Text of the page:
Is Change Management Crucial to Corporate Relocation?
Relocation in business is an indicator of growing success. Whether you’re moving to a larger space or expanding; it’s a sign that your company is gaining recognition. And, with a steady profit behind you, change like this is the ideal opportunity to invest in the space you want. This time often creates an opportunity to think about the outward presentation of the business, which is why we’re asked so often to help with this stage of a business. It’s a new era in your enterprise, and it could open doors of opportunity if done right.
That’s why it might come as a blow to hear that 90% of corporate change initiatives fail to have the expected impact. Does that mean you should give up all dreams of a corporate relocation? Of course not. But, it does mean that you need to consider every step of the process. We can help.
For the most part, that’s common sense. No business owner rushes into a relocation. Instead, they think about everything from reducing downtime to cutting costs. But, none of that is going to help if you don’t also consider the importance of change management.
What is change management?
Change management broadly refers to the way that you manage any significant change within your company, corporate relocation included. More specifically, though, it refers to the way that you manage the people aspect of your relocation. Things like reducing downtime, while important, count as transition management. By comparison, change management is all about ensuring the people involved feel comfortable and buy-in to the move ahead of time. This is a key aspect to our methodology with the design process.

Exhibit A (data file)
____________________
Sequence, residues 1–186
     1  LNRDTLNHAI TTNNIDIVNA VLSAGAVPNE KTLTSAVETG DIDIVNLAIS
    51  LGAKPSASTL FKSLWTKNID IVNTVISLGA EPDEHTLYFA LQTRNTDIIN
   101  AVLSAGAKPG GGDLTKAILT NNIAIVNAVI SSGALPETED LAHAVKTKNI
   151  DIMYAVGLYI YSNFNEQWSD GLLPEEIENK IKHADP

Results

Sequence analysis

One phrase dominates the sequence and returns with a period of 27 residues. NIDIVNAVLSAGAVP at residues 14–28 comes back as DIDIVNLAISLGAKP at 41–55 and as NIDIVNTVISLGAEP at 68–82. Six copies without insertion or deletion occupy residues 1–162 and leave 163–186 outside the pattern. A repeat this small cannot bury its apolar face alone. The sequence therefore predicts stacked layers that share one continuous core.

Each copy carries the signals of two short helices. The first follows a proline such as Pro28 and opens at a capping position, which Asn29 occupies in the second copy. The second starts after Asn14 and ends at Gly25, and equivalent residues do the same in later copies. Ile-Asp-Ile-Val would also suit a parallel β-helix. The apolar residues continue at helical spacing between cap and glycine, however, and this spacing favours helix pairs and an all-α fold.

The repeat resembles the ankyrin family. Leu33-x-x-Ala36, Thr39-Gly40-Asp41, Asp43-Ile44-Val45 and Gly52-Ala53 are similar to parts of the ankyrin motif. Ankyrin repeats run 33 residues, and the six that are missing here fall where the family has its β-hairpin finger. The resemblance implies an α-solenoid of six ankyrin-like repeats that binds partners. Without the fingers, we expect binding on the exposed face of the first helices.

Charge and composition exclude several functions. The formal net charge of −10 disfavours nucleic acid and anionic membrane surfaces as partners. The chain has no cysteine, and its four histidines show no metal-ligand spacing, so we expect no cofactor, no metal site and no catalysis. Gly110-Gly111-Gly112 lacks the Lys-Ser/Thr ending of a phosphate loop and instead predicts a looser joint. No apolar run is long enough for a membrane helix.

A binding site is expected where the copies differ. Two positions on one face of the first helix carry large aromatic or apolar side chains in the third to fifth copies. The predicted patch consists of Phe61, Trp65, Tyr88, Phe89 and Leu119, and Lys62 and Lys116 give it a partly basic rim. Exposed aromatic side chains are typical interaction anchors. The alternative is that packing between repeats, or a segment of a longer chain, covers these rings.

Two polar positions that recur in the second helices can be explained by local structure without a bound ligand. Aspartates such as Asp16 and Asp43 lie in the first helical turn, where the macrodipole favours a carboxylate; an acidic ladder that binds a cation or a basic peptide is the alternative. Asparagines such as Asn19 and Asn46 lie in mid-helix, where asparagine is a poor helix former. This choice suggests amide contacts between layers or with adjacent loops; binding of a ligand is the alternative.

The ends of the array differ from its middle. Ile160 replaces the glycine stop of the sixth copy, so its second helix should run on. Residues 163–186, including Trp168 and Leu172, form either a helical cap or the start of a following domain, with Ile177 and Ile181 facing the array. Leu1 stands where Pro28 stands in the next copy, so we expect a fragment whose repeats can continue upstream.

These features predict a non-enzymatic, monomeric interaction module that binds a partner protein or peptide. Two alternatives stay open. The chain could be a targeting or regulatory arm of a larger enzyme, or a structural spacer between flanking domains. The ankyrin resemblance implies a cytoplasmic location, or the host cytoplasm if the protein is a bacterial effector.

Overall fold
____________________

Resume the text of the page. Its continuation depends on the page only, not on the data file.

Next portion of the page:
Why is this important to your corporate relocation?
Employees and their happiness are key to a successful relocation. This is why our clients focus on things such as employee benefits and harnessing a happy workplace. It’s also why we design our offices with the employees close to mind. But, if you don’t embark on change management during your relocation, no amount of ‘design’ in your new office is going to get your company moving in the right direction. Companies report that they find many team members leave because they’re unwilling to relocate and even those who do move may not produce the quality of work which you’ve come to expect from them.
That’s because, when you look at it practically, a lack of change management is like a kick in the teeth for the people who bend over backwards to keep your company afloat. Failure to even consider how a move like this impacts your team sends the message that you don’t value their place or opinion within your company.
The fact is that corporate relocation of any kind involves a loss for members of your staff. It means the loss of a space which they’ve become comfortable working within. In extreme cases, it also means the loss of a location in which they’ve built their homes. That, in turn, can lead to the loss of friends, family, and even neighbourhoods. Change management is effectively about noticing that loss and the stages which follow it, ensuring that your team members can move through it with you, rather than away from you. And, that’s why it’s vital to the success of your corporate relocation.